The majority of cues in video gaming come from either audio or visual elements in the environment. Many games simply use UI prompts to direct player movement and behaviour which is straightforward and ensures clarity of requirements for the player to progress. Other games use less UI and instead rely on more subtle cues using the games art style as a tool for player direction. This carries risks but if done correctly and effectively can more naturally guide a player and improve the user experience vastly.
As previously mentioned, a prime example of this in action is “Journey” for the PS3/PS4. Through the use of subtle visual cues such as lighting emphasis placement, colour shifts and the use of empty space (With a daisy chain of objects in the visible distance leading in the correct direction), the player never feels lost despite no UI and vast open spaces more often than not. The game also uses a less subtle method of player direction within the art style in the form of a large environmental object with a lighting focus (The mountain in the distance).
Other games have also managed this kind of direction well. “Shadow of the colossus” provides a large open world and tasks the player with tracking down and slaying several giant beings. The hero has a sword that when raised points a large beam of light toward the location of the next colossus in line. This provides the player clear direction but also fits the game as part of the art style, with no UI prompts that feel exterior to the game’s world. When fighting the Colossuses, the player has to climb each one and find glowing icons that are weak spots to attack. These areas are not immediately obvious when climbing (Although they are visible from the ground in most cases) but once again the player can point their sword in the air and it will lead them towards the weak spots. The game uses very minimal UI elements which vastly strengthens the games visual appeal.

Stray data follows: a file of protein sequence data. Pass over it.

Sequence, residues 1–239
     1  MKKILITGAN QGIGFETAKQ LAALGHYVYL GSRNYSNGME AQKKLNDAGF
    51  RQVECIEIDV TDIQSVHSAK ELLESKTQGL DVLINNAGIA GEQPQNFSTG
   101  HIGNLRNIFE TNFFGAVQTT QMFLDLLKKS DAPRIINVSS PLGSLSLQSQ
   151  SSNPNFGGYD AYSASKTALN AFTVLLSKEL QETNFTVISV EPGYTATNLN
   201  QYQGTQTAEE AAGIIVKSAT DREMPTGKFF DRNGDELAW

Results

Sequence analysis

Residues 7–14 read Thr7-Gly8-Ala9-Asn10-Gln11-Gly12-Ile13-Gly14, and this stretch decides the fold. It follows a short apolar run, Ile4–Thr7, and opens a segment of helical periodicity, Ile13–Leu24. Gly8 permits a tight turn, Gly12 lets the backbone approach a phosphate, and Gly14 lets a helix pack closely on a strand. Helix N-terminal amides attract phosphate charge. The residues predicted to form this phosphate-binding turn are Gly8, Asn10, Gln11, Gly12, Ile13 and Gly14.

If designed correctly, Art style can be a powerful design tool that can guide a player naturally through an experience and also give them a chance to feel as if their advancement is natural and free flowing, regardless of the amount of railroading on the designers part.